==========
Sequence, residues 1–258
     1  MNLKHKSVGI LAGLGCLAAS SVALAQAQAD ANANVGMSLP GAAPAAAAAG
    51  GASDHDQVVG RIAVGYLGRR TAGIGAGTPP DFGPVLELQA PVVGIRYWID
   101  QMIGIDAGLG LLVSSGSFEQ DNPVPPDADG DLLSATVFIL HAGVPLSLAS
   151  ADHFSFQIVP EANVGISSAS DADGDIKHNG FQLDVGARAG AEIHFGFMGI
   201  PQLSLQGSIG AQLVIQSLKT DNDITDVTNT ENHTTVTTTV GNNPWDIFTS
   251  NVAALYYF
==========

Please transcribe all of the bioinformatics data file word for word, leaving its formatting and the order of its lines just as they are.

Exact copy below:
Sequence, residues 1–258
     1  MNLKHKSVGI LAGLGCLAAS SVALAQAQAD ANANVGMSLP GAAPAAAAAG
    51  GASDHDQVVG RIAVGYLGRR TAGIGAGTPP DFGPVLELQA PVVGIRYWID
   101  QMIGIDAGLG LLVSSGSFEQ DNPVPPDADG DLLSATVFIL HAGVPLSLAS
   151  ADHFSFQIVP EANVGISSAS DADGDIKHNG FQLDVGARAG AEIHFGFMGI
   201  PQLSLQGSIG AQLVIQSLKT DNDITDVTNT ENHTTVTTTV GNNPWDIFTS
   251  NVAALYYF